Retinopathy of prematurity (ROP), one of the most significant preventable childhood blindness causes is a proliferative vitreoretinopathy which is characterized with retinal ischemia and neovascularization.1 It is well known that many molecules are responsible for the physiopathology of the pathological angiogenesis observed in ROP.2 Vascular endothelial growth factor (VEGF) has been shown to have a causal role in the development of ROP. In addition, many studies are being conducted to understand the molecular mechanisms related to ROP and the role of genetics and environmental risk factors.3 Although the molecular mechanisms of ROP remain unclear, many new molecules such as microRNAs (miRNAs) may have a role in the pathophysiology of ROP.

MicroRNAs are non-protein coding RNA molecules that are a class of endogen small RNA. Number of single fibered miRNAs, which are 20–25 nucleotides long is over a thousand.4 Metabolic regulation, memorial and synaptic development, angiogenesis, regulation of gene expression, tumorigenesis, metamorphosis and growth control are some of the functions of those molecules. Due to these relations, miRNA based treatment methods are being researched for the patients who particularly have neoplastic and angiogenesis related diseases. Recent studies show that miRNAs have important functions in the development of ocular vascular disease.4, 5 It is known that some of the miRNA subtypes are shown to be responsible for angiogenesis on ischemic retina.6 Tea et al observed that the amount of miR-16 expression decreases after oxygen therapy in rat model of ROP.7 In this model, miR-16 expression was variable with strain fluctuations in oxygen levels, and developmental stage.

With the light of this knowledge it may be assumed that these molecules may also act a role in the physiopathology of ROP. We aim to investigate and compare the plasma miRNA levels of premature infants who had laser photocoagulation treatment for ROP with those without retinopathy. To our knowledge, this is the first study in the literature on human ROP.

Materials and methods

Thirteen premature infants (10 boys, 3 girls) without systemic pathology admitted to Mersin University, Medical School, Department of Ophthalmology and diagnosed as ROP stage 3 with plus disease between January 2014 and January 2015 were included in the study. Patient group consisted of premature infants, born before 37 weeks of pregnancy, who did not take any other treatment for ROP before and planned to have laser photocoagulation treatment for ROP stage 3 with plus disease under general anesthesia for the first time. Control patients (5 boys, 10 girls) were selected among otherwise healthy premature infants with no ROP detected in routine screening exams and screened for the risk factors as follows: infants born before 32 weeks of pregnancy, birth weight less than 1500 g, born before the 37th gestational week and received oxygen therapy. Peripheral blood samples of the patient and control groups were obtained and analyzed for expression of 46 miRNAs in plasma. The investigations were approved by the Medical Ethical Review Committee of the Academic Hospital of Mersin University (2014/9), and informed consent was obtained from all patients and controls according to the Declaration of Helsinki II (1975, revised 1983), and the study adhered to the ARVO statement on human subjects.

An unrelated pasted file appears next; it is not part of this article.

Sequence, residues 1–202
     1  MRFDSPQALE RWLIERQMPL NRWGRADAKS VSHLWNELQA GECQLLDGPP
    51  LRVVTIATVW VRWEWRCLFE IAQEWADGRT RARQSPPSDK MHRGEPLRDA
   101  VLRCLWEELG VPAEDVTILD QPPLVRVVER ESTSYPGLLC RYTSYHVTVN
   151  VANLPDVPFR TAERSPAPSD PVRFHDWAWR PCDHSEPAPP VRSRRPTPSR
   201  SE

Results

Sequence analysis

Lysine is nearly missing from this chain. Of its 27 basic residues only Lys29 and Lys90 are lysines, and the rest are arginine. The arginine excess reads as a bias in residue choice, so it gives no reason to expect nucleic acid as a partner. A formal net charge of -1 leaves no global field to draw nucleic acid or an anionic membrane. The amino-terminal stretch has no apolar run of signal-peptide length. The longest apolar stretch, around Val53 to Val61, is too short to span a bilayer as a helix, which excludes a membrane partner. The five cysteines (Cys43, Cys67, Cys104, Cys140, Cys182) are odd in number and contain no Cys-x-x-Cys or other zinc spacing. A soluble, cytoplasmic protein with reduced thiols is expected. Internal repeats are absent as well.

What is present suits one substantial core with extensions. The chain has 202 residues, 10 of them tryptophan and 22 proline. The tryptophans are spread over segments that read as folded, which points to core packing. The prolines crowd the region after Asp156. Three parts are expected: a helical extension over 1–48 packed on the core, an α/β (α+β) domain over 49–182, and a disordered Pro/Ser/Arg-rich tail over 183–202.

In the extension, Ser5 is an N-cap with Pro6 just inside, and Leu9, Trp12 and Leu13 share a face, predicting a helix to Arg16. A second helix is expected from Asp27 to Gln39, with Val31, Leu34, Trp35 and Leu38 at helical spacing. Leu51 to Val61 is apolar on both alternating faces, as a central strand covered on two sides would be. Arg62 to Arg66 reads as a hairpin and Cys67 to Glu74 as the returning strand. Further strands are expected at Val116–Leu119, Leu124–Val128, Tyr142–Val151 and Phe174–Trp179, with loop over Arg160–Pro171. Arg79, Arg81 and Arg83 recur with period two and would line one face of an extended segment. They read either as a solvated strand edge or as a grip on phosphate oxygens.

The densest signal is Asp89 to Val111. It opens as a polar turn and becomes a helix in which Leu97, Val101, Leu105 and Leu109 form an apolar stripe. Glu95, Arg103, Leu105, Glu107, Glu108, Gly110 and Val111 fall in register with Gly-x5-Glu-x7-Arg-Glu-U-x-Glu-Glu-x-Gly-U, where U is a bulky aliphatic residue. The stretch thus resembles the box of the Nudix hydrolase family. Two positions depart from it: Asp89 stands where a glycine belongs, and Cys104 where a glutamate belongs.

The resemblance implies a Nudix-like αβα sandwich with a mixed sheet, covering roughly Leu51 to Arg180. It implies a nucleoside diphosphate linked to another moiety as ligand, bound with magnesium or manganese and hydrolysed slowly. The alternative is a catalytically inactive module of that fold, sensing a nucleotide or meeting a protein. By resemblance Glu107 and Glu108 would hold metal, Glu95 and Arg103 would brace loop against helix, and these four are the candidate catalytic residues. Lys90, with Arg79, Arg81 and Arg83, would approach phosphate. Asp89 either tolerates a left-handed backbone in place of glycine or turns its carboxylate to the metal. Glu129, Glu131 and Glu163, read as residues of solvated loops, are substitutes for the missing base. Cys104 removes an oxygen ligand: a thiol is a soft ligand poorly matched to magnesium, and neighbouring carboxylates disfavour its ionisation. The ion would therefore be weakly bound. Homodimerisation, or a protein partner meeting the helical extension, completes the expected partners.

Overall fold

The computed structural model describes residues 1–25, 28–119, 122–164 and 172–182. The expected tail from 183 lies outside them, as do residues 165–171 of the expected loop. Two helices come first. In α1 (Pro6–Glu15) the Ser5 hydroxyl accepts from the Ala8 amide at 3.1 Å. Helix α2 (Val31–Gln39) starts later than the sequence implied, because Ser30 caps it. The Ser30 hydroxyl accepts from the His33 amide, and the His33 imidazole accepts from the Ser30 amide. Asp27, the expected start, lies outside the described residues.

Plasma preparation and RNA isolation

Two milliliters of peripheral blood was collected in EDTA tubes just prior to laser photocoagulation in patient group and while routine blood tests were scheduled to the control group. Blood samples were placed immediately on ice and then taken within 10 min to the laboratory. Samples were centrifuged at 2000 × g for 10 min. Plasma samples were transferred to a clean microcentrifuge tube followed by a second centrifugation step at 2000 × g for 5 min at to remove cell debris and fragments. The plasma samples were aliquoted and stored at −80 °C until RNA isolation. Total RNA including small RNA and miRNAs isolated from plasma samples by using High Pure miRNA Isolation Kit (Roche diagnostic GmbH, Mannhein, Germany) according to the manufacturer’s instructions. RNA samples were stored at −80 °C until cDNA reaction.

Reverse transcription reaction

Isolated RNAs were reverse-transcribed into cDNA in 5 μl final reaction volumes using TaqMan MicroRNA Reverse Transcription Kit in combination with the Megaplex RT Primer (Applied Biosystems, Foster City, CA, USA). The reverse transcription (RT) reaction was used 40 cycles of 16 °C for 120 s, 42 °C for 60 s and 50 °C for 1 s, followed by a final reverse transcriptase inactivation at 85 °C for 5 min. cDNA samples were kept at −80 °C until PCR analysis.


Prior to PCR, cDNA samples were pre-amplified using the TaqMan PreAmp Master Mix 2X (Applied Biosystems) as well as the MegaPlex Human PreAmp Primer Pools Set v3.0 (Applied Biosystems). All reactions were performed as specified in the protocols of the manufacturer. PreAmp Thermal Protocol was performed using 384 well Thermal Cycler as follows: 95 °C for 10 min, 55 °C for 2 min and 72 °C for 2 min, followed by 18 cycles with 95 °C for 15 s, 60 °C for 4 min, finally hold at 4 °C.